Blind Belief

Astrology–a Church Superstition

C K Raju

Astrology is a superstition, but why are the colonised unwilling to admit that Johannes Kepler was a superstitious astrologer, who got his livelihood from astrology, and wrote in praise of astrology. And what of Isaac Newton who superstitiously believed in Biblical creationism and apocalypse? His superstitions rubbed off into science and math as in the “eternal laws of nature”, not to mention his superstitions about the Indian calculus, all of which church superstition is being happily taught in schools today.

There is no outrage among the colonised who blindly accept all Church superstitions in mathematics and science. That is exactly why it was the Church which brought Western ethnoscience and Western ethnomath to the colonised in general and to India in particular. The real issue is about Western dominance, not science vs superstition.

The Indira Gandhi National Open University recently introduced a postgraduate course in astrology. A similar issue had arisen 20 years ago when the University Grants Commission (UGC) announced a scheme to open 16 university departments, to teach astrology across the country, in 2001. This was hugely opposed, and the late Kapila Vatsyayana organised a public debate, between scientists and astrologers, in the India International Centre, on the desirability of astrology in university education.

The late Pushpa Bhargava, Raja Ramanna and this writer represented scientists. But the astrologers ran away from the debate. The UGC eventually scrapped the scheme. However, some clarifications given 20 years ago are still relevant.

First, the term “jyotish”, which means time-keeping (through astronomy), is wrongly confounded with astrology (called “phalit jyotish”). The earlier UGC scheme was announced as pertaining to Vedic astrology. However, there is no mention of astrology in the Vedas.

Then, at the India International Centre, this writer had challenged the assembled scholars, in front of the international press, to show a single sentence on astrology in the core text of Vedanga Jyotish. The Vedanga Jyotishe is a manual of time keeping, completely disjoint from astrology. Indians persistently separated astronomy from astrology, which separation is not limited to the Vedanga Jyotish, last updated around 1500 CE.

Thus, Nilakantha’s commentary on the Aryabhatiya is dated to +1500 CE.2 During this 3000 year period, there were numerous books written on astronomy in India. These included the Surya Siddhanta, the Aryabhatiya, the Laghu and Maha Bhaskariya of Bhaskar, the Brahmas-phutasiddhanta of Brahma-gupta, the Shishyadhivrddhida of Lalla, Vateshwar Siddhanta, and Gola, Tantrasangraha, Yuktidipika, etc.

In none of these books do one finds a single sentence related to astrology. The beginning of astrology in India is credited to the 6th c. Varahamihira, and his Brihat samhita, but even Varahamihira’s astronomy book Pancasiddhantika does not have a single sentence on astrology. However the colonially educated are deluded that jyotish means astrology. The same colonial education also impacts nationalists. Hence, they repeatedly return to the claim that astrology was an important aspect of Indian tradition since Vedic times.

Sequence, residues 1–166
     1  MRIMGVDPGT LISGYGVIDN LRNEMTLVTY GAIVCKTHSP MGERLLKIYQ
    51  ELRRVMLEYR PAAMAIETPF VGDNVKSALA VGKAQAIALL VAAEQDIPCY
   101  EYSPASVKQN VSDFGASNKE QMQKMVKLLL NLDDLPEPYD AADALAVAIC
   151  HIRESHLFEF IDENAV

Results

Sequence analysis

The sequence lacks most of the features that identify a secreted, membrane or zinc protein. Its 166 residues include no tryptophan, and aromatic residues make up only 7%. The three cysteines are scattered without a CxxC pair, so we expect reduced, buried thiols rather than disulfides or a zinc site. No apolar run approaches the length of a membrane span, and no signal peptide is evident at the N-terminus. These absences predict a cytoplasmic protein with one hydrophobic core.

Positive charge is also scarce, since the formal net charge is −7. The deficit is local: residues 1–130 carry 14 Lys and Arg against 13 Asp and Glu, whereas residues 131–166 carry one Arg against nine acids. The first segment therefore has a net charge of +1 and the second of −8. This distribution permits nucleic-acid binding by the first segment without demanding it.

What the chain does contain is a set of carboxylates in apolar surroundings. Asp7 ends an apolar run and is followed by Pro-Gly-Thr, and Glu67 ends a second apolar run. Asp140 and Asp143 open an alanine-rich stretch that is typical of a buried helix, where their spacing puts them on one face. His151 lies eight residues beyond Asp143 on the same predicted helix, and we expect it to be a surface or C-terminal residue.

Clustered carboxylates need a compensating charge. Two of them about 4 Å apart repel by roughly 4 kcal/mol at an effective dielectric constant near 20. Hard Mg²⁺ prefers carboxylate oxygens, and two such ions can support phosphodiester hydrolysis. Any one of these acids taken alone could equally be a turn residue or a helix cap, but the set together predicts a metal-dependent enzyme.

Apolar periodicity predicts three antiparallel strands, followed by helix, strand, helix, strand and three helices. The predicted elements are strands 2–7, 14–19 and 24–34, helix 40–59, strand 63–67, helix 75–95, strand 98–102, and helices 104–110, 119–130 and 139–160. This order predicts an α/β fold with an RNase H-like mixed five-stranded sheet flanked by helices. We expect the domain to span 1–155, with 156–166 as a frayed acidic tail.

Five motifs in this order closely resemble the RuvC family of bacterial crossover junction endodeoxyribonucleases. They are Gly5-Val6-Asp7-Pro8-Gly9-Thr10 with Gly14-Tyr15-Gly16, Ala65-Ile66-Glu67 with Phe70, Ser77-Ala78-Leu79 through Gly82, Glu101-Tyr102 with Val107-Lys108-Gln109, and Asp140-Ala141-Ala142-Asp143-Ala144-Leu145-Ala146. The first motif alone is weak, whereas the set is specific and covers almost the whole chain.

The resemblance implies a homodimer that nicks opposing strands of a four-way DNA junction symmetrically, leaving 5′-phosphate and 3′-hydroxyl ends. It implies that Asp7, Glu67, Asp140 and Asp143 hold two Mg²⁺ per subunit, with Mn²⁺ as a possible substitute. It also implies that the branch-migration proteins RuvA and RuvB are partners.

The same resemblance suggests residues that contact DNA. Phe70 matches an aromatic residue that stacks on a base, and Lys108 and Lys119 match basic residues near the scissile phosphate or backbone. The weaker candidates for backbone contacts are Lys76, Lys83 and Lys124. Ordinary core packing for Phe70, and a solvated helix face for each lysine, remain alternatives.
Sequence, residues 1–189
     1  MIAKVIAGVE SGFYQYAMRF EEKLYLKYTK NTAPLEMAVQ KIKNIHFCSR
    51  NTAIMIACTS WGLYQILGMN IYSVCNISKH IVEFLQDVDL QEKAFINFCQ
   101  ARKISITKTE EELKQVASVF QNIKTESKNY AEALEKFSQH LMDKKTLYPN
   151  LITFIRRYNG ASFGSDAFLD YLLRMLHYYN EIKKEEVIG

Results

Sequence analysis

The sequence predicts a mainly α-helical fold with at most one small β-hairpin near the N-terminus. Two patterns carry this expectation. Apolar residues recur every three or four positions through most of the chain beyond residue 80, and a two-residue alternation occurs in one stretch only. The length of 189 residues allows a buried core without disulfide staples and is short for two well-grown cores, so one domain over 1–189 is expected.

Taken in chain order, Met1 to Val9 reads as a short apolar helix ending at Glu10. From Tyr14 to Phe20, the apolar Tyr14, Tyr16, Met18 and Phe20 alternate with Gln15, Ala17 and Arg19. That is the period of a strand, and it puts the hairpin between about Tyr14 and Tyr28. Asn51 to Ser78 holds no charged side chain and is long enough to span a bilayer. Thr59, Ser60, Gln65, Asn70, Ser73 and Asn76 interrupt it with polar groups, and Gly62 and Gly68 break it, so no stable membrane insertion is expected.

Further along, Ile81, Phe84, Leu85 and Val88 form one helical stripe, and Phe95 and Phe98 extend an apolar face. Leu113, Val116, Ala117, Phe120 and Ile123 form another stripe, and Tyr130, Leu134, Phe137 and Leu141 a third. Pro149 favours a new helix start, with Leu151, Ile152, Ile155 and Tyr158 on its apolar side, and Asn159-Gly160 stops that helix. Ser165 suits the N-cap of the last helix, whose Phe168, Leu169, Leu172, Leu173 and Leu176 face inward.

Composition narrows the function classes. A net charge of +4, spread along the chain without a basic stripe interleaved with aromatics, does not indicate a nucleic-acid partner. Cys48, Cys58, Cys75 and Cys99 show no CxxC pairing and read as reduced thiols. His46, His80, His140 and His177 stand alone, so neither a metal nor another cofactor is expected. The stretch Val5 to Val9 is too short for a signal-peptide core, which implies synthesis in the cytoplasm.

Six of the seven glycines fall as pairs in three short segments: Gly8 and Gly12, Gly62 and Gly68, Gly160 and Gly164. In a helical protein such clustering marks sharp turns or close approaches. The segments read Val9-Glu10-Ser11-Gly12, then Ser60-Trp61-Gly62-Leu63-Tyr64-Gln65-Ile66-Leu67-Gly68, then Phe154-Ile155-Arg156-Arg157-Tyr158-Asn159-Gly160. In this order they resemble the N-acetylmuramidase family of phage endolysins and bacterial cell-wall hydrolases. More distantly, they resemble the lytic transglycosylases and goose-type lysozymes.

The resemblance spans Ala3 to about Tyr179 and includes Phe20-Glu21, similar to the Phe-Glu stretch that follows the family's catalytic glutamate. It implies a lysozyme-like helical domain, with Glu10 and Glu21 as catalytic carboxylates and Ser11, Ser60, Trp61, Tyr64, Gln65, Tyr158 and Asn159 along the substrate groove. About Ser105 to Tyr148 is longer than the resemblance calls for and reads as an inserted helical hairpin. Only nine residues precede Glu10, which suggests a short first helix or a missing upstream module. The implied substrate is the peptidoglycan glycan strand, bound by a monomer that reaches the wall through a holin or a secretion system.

Twenty years ago, Pushpa Bhargava had challenged the teaching of astrology in the Madras High Court. In response, the UGC had said that astrology was an important aspect of ancient Indian tradition, a claim happily accepted by the judge (Kalifulla J.) Nobody asked for evidence that astrology was a significant part of Indian tradition, and nobody offered it.

To the contrary, the Buddha explained that common people praise him because he does not earn a livelihood by the unethical means of predicting uncertain future events, such as predicting the victory or defeat of kings in a war, or predicting good or bad rainfall. This was not any specifically Buddhist ethics, since it was the common people (then pre-Buddhist Hindus) who praised the Buddha thus.

In contrast, the West traditionally believed in prophecy. Herodotus begins his History with the story of Croesus, from Lydia (Turkey), who first made Ionian Greeks his vassals. Before fighting the Persians, Croesus checked the outcome with the Oracle of Delphi. “A great empire will fall” was the prophecy. Unsure about which Empire would fall, Croesus again sent an emissary to ask how long his own rule would last. “Until a mule rules the Medes (Persia)”.

Croesus thought that hardly likely and battled Cyrus the Great and lost. The prophecy was then explained that Cyrus was the mule since he was of mixed descent. Of course, had the outcome been different, there would have been no need for an explanation. This illustrates how foretelling the future was traditionally based on subtle con-tricks. Prophets were given a very high religious status in the West.

Hence, during the Crusades, the Church tried to put down Muslims by the criticism that Paigambar Muhammad made no prophecy. Unfortunately, the strange response of Muslims to this critique has been to translate Paigambar (meaning messenger) as Prophet!

Traditional Western superstitions did not magically disappear with the advent of science. Johannes Kepler, famous for his “laws” of planetary motion, wrote on the fundamentals of astrology. Before he grabbed the high church position of Astronomer Royal to the Holy Roman Empire, Kepler was a practising astrologer, and he wrote that providing astrology as a means of livelihood to astrono-mers was proof the of pre-established harmony created by God!

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Vol. 54, No. 18, Oct 31 - Nov 6, 2021